"I believe our first choice would be to drive for another top, competitive team," Elledge said. "Our last choice would be to form our own Cup team. If that was necessary, that would be what we would do."
"We're going to listen to everybody," Earnhardt added.
The wild card could be Joe Gibbs Racing, another powerful three-car Chevy team that would pair him with buddies Tony Stewart and Denny Hamlin. Earnhardt and Stewart have worked wonderfully together on restrictor plate tracks, and Earnhardt befriended Hamlin early in his career.
Joe Gibbs is coach of the Washington Redskins, and Earnhardt is a diehard fan. He wore a Redskins cap backward Monday during a test session at Lowe's Motor Speedway, where he expressed frustration over the NASCAR-mandated Car of Tomorrow and admitted DEI can't keep up with Hendrick's COT program.
But speaking after practice Thursday, Gibbs didn't sound as if his team is in the mix.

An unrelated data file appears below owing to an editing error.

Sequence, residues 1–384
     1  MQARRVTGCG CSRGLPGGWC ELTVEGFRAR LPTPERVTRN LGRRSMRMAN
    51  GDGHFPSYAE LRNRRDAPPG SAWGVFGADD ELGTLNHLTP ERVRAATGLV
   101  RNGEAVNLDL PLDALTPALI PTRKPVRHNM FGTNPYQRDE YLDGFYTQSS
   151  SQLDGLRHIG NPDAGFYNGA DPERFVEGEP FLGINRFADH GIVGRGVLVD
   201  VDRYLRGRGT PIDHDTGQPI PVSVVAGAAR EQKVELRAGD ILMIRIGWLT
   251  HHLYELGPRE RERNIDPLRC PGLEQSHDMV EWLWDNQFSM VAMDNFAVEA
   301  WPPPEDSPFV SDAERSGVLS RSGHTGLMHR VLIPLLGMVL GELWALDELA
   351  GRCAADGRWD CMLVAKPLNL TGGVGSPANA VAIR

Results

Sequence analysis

"I think anybody in the sport would be interested in Junior," Gibbs said. "It's just that I'm sure he's got a game plan and probably has a real good idea where he's going right now."
Earnhardt insists he and his sister will choose the team that gives him the best chance to win.
"I'll just have to see what's out there for us," Earnhardt said. "We're going to listen -- it doesn't cost anything to listen -- so we're going to listen to whoever has a conversation with us, and move from there."
Terry Blount covers motorsports for ESPN.com. He can be reached at email@example.com. David Newton covers NASCAR for ESPN.com. He can be reached at firstname.lastname@example.org. Information from The Associated Press was used in this report.